The title itself was a departure from usual Rajinikanth films, which were either generic summarizations of the protagonist’s character (Padikkadavan, Uzhaipali, Panakkaran, Mappillai…), or relatable Hindu names of the protagonist (Annamalai, Pandiyan, Veera…). You didn’t really know what to expect from Baasha, and if you were a Rajini fan, as I was as an 11-year-old, you were rather nervous.
You knew you didn’t want another Valli. You drew hope from the success of the songs before the film’s release. You stuck your pencil into the audio cassette and rewound Naan Autokaaran over and over. You went back to school after the half-yearly holidays and drummed the song’s beat on benches in between classes. You were the class’ hero if you could sing all the lines right.
Sometimes, you got them mixed up, and your friend would say, “No! It’s nallavanga kootukaaran. And then, kambedutha vettakaaran.” You didn’t get to watch such sought-after films on the first day; not easily anyway. Today, you have people using the hashtag ‘FDFS’ for films, and you want to smirk considering that the most they likely did to buy their tickets was to stay awake till midnight and open half-a-dozen tabs at once in different browsers.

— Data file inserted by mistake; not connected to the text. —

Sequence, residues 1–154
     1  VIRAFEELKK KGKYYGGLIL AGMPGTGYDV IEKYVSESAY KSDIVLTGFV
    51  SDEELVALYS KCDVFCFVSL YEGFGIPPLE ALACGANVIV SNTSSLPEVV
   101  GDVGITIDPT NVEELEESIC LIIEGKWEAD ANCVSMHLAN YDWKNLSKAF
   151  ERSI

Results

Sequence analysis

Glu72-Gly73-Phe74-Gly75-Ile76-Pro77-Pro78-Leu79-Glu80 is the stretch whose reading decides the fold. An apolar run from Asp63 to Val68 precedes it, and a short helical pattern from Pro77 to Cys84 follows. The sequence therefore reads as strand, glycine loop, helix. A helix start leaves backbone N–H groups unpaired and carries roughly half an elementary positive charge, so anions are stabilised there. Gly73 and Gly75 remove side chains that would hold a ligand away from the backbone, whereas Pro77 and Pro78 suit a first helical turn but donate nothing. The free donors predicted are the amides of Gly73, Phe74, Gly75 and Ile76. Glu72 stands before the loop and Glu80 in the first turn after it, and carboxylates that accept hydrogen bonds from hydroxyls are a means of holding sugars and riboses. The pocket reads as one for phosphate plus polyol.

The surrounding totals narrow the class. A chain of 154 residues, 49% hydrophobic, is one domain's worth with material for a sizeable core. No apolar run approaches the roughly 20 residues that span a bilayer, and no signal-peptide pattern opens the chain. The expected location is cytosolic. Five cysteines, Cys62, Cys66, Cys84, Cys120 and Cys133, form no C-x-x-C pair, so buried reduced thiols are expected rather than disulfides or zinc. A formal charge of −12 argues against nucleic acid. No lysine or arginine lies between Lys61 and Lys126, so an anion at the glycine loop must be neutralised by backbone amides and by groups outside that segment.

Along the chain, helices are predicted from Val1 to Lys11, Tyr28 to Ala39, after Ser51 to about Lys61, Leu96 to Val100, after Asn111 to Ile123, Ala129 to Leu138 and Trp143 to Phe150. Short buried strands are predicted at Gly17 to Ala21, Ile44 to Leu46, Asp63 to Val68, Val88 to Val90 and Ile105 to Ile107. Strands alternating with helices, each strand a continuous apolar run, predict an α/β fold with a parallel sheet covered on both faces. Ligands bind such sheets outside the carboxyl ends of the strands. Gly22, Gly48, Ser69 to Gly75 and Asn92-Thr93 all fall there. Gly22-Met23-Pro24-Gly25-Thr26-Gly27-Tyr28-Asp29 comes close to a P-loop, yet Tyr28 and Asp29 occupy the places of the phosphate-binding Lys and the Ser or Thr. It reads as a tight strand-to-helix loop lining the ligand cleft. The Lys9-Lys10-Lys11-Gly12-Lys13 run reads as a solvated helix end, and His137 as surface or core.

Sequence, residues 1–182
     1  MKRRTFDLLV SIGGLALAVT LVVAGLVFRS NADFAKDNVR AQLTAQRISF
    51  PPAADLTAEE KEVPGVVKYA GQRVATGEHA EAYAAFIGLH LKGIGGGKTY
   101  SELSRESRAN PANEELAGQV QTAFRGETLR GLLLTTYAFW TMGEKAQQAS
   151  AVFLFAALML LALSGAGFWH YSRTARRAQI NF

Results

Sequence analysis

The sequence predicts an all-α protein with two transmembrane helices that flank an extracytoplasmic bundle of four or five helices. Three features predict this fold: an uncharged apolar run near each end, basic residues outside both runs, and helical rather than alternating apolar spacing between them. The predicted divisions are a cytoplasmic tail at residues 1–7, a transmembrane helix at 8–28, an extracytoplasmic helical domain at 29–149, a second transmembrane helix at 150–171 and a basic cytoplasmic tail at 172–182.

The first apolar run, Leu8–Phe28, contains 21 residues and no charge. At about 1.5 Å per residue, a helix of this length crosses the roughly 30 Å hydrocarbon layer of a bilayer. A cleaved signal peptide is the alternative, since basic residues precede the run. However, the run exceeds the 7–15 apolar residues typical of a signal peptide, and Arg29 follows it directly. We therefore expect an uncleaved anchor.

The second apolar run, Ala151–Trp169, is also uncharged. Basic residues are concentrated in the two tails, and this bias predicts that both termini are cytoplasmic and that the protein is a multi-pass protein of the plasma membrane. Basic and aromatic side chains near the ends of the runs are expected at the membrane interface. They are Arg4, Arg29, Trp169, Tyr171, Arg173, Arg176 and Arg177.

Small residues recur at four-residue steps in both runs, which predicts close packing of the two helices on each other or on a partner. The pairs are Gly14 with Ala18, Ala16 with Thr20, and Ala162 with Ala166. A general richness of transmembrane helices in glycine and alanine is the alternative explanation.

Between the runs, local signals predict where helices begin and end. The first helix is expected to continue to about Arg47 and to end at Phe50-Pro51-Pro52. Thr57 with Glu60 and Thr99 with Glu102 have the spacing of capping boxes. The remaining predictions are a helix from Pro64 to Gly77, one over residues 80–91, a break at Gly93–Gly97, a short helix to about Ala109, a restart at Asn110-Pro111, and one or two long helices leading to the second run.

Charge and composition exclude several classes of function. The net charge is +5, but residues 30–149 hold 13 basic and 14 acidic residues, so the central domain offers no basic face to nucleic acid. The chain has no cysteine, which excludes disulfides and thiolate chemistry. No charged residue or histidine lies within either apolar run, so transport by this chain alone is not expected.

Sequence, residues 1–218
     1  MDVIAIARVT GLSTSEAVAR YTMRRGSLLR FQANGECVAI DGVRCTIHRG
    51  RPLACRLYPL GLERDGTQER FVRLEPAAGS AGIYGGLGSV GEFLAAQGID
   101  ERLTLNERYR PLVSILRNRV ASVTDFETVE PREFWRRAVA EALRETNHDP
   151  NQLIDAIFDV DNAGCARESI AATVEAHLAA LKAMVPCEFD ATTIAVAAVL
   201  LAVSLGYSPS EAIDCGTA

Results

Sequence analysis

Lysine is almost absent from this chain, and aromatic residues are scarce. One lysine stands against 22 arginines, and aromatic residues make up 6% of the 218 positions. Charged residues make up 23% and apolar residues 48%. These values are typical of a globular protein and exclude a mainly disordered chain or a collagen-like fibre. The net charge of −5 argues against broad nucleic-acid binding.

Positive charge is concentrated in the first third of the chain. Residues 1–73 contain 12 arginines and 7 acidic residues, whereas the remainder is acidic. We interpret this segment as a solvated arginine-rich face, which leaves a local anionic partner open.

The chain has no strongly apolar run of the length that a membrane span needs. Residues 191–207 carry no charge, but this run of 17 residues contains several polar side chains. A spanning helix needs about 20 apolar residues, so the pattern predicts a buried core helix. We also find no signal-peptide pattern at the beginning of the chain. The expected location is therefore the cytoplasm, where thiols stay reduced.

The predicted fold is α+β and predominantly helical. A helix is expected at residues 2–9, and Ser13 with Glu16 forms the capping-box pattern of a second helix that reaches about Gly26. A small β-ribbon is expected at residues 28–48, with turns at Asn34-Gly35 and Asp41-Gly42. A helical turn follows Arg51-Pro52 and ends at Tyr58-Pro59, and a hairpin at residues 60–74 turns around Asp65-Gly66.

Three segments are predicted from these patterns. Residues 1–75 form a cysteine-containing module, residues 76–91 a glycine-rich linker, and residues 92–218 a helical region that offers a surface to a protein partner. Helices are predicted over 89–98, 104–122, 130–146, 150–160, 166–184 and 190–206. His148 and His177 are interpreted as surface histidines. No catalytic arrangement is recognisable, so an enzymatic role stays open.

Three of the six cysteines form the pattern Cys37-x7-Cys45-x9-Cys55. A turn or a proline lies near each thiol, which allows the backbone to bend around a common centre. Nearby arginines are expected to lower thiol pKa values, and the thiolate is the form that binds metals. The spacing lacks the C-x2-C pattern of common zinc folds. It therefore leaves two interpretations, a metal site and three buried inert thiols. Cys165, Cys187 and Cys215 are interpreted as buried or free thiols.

Back then, it was a lot like that famous theatre scene in Mannan, which released three years before Baasha. You didn’t threaten people with razor blades, of course, but you may as well have, considering the jostling you had to endure. You had to endure a sleepless night. You had to endure standing in a queue that was always hopelessly long. And then, after hours of waiting, you likely had to endure being told that the tickets were sold out just as you dragged your hurting feet to the counter.